As concern over Internet
advertising and data collection grows, privacy advocates and the
Internet advertising industry have been sharpening their legal knives
for more than a year. Now two Congressmen have finally given them a
piece of legislation they’re all too happy to slice apart.
Rick Boucher, D-Va., and Cliff Stearns, R-Fla., released a draft
Tuesday of a privacy bill aimed at defining broad new regulations for
the data collection practices of online advertising. The bill would
require sites to offer easier methods of letting users prevent their
behavior from being tracked online, warn users about data collection
with a symbol on Web pages and require sites to render anonymous any
data they collect after 18 months.
But while those new safeguards are enough to raise hackles in the
advertising industry, irate privacy groups say they fall short of their
demands, and even represent a deterioration of current privacy
protections. "This is very flawed legislation," Jeffrey Chester,
president of the Center for Digital Democracy, told reporters on a
conference call. "The bill is going to have to be radically revised, or
it will face significant opposition from consumer and privacy groups and
One of the key battles in online privacy has been over the question
of "opt-out" vs. "opt-in": Should users have to agree to have their
online behavior data collected, or should sites legally be allowed to
track their behavior by default, with an option to stop that collection
Boucher’s and Stearns’ bill offers just enough of each approach to
please neither advertisers nor privacy advocates. For sensitive data
such as telephone numbers, postal and e-mail addresses, social security
numbers or financial data, a site would have to explicitly request a
user’s permission to track and store the information. For tracking of
users’ paths around the Web for what the bill calls "transactional" or
"operational" purposes, sites would be allowed to collect data on users’
behaviors without their permission, though they would be required to
overtly state on their site with a "seal or symbol" that the page
engages in behavioral tracking, and would have to allow the user to
prevent that tracking upon request.
The bill also puts strict regulations on tracking users’ behavior on
mobile devices, an increasing concern as Web-friendly devices like
Android phones and iPhones make handsets a new destination for ads.
Location-based tracking on cellphones or other portable gadgets would
fall under the more sensitive category of data that requires users to
opt in before it can be collected.
To Mike Zanneis, vice president of public policy at the Internet
Advertising Bureau, the new safeguards sound ill-defined and potentially
dangerous to the $23 billion online ad industry. "Opt-in is really the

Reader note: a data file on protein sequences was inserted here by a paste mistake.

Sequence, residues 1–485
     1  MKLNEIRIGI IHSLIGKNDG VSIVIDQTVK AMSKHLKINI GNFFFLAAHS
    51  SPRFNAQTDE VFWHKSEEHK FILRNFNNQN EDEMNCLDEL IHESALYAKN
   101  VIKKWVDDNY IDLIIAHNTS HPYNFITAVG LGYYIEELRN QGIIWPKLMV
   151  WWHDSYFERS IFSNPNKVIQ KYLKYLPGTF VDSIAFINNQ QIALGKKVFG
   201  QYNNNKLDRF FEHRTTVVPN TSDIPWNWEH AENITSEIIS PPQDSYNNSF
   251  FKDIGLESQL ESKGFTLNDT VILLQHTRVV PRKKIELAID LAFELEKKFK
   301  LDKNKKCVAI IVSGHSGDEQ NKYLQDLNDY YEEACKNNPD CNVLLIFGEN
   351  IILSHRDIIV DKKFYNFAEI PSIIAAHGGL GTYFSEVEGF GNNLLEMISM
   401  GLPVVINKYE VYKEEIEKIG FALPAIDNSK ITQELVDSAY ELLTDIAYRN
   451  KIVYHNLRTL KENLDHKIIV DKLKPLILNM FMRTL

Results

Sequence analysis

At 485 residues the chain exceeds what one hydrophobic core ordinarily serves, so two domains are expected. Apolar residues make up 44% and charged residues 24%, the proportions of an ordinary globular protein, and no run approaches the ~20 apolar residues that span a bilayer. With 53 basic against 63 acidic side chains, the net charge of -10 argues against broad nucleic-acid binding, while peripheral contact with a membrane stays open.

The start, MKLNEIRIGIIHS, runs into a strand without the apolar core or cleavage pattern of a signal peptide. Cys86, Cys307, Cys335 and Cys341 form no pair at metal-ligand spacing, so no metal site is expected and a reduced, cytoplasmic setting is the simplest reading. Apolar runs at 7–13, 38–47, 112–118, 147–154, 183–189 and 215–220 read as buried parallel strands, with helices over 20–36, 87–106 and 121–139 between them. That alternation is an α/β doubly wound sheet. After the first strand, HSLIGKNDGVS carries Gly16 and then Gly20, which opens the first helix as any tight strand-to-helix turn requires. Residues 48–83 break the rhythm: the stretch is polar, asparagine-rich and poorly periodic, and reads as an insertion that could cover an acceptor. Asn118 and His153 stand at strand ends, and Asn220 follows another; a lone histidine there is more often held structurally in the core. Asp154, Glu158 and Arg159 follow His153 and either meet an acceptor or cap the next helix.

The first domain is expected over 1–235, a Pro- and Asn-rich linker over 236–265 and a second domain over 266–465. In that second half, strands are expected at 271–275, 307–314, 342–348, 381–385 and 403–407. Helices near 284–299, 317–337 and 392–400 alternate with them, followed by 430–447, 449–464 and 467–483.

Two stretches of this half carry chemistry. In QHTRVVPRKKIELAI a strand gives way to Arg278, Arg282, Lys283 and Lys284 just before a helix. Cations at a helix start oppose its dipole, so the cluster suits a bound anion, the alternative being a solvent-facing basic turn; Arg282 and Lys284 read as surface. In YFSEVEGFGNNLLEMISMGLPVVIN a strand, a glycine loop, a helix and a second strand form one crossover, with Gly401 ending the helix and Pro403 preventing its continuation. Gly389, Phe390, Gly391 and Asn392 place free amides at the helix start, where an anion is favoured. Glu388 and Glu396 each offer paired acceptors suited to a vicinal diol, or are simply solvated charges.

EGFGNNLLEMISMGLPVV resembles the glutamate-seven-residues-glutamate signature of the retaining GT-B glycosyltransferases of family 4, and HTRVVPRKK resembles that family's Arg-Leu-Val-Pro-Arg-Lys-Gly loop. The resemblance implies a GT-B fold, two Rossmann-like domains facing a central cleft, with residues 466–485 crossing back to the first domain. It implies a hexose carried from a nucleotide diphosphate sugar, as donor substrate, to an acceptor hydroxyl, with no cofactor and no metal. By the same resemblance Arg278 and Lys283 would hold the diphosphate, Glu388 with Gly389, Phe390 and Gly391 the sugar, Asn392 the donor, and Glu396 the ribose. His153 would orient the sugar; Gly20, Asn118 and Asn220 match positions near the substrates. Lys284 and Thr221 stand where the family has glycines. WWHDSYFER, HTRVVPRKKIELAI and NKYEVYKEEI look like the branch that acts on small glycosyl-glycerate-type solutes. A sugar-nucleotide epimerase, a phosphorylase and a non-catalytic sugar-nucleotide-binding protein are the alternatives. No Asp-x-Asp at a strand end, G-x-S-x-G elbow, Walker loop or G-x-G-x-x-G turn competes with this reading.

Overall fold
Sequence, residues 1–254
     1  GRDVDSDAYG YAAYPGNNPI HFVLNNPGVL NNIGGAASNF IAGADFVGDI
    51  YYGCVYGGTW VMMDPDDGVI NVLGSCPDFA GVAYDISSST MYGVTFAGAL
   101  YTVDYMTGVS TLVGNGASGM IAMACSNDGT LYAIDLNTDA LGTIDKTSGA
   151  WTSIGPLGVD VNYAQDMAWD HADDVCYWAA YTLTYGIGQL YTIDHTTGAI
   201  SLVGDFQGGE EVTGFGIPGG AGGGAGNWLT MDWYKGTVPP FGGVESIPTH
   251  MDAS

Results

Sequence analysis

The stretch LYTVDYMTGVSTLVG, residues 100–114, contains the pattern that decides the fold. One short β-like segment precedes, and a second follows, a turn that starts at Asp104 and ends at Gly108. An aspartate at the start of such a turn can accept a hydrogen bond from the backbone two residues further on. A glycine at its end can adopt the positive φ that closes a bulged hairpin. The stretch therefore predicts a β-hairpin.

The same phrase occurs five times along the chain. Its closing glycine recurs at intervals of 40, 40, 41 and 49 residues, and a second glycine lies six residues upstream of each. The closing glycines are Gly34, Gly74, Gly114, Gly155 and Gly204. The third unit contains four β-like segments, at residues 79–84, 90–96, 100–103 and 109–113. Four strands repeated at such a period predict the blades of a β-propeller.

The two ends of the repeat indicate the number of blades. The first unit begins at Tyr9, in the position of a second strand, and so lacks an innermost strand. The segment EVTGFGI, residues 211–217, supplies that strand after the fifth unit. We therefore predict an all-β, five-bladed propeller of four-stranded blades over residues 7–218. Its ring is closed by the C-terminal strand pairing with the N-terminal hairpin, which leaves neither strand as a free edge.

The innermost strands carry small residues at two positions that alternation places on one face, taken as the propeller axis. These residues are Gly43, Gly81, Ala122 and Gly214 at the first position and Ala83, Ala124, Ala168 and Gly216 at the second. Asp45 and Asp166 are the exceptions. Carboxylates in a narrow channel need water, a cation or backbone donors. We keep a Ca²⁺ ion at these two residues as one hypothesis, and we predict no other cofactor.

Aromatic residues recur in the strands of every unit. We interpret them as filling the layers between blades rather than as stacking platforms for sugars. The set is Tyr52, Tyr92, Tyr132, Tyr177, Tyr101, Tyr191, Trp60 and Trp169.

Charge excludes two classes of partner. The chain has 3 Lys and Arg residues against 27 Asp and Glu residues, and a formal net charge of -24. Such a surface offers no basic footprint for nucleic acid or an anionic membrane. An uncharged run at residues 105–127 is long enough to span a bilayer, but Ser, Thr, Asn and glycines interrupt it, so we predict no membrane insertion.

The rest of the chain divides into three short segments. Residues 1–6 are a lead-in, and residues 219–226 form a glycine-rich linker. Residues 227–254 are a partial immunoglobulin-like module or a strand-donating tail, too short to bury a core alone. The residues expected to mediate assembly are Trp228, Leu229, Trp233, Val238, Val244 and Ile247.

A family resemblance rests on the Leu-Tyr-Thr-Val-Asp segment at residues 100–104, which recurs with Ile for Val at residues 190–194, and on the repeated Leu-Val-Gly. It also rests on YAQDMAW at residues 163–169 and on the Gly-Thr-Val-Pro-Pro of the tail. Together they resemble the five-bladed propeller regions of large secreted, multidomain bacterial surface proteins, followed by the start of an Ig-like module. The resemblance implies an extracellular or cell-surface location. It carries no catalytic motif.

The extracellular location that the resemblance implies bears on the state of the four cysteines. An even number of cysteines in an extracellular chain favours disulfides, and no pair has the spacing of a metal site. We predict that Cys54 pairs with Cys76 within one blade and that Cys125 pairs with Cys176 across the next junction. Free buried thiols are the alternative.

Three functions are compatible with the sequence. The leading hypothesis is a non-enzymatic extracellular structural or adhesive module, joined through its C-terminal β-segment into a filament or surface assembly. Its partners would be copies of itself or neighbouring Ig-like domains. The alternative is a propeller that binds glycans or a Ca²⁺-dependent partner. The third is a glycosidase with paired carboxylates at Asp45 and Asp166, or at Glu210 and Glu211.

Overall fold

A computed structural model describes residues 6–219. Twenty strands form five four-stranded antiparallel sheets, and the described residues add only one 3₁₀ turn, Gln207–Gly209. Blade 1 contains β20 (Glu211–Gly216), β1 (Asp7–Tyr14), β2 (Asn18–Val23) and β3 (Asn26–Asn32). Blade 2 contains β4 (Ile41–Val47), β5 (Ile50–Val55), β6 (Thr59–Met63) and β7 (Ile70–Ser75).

most burdensome privacy restriction that we implement in the U.S.,"
He argues that the data requiring opt-in measures defined by the bill
in its current form could include not just names and addresses but also
IP addresses and "cookie" files that sites download to a user’s browser
to note his or her path on the Web. "We know that greater than 70% of
all online advertising depends on targeting techniques," he says. "If we
have an opt-in standard for cookies, that would impact the vast
majority of online advertising, and that’s what we want to avoid."
Meanwhile, privacy advocates argue that the bill’s exemption for
"operational" collection of data–allowing those practices to take place
under an "opt-out" rule–gives advertisers far too much leeway. "This
bill really adopts an archaic and bankrupt ‘notice and consent’ regime
that we all know doesn’t’ work," says John Simpson, head of the Google
Privacy and Accountability project at Consumer Watchdog.
Consumers, it’s been shown repeatedly, don’t take advantage of
opt-out functions. In a Congressional hearing last June, Representative
Stearns asked Google and Yahoo’s
privacy executives how many users chose to not take part in their ad
tracking systems. Yahoo’s rep said the number was "less than 1%," and
Google’s rep replied that she didn’t know. (See: "Congress
Mulls Online Privacy Law")
In a study last month, NYU law professor Florencia Marotta Wurgler
found that less than one in 1,000 users even reads the fine print on
websites’ terms of service. (See: "Who
Reads The Fine Print?") "We need better rules for the road on the
Web, so that users don’t have to worry about reading the fine print or
clicking ‘I agree’," says Peter Eckersley, an attorney with the
Electronic Frontier Foundation.
Worse yet, privacy groups also point out that the bill would preclude
any state-level legislation and would restrict privacy class-action
lawsuits. Instead, the Federal Trade Commission would enforce the law.
That’s not a strategy that’s worked in the past, says Ginger McCall of
the Electronic Privacy Information Center (EPIC). Despite three
complaints that EPIC has issued against perceived privacy violations by
Google Buzz and Facebook’s recent data-sharing moves–one released
Tuesday–the FTC hasn’t taken any action against the companies. "The
lack of enforcement on the FTC’s part has been very troubling," McCall
In last June’s hearing, Rep. Boucher responded to advertisers’
concerns by promising that he had "no intention of doing anything that
would disrupt a very important and essential business model for
But the Center for Digital Democracy’s Chester calls advertisers’
arguments that regulation would cripple the Web economy "disingenuous"
and "fallacious." "I think this is an attempt to straitjacket the FTC,"
says Chester. "The online ad industry has dodged a regulatory bullet."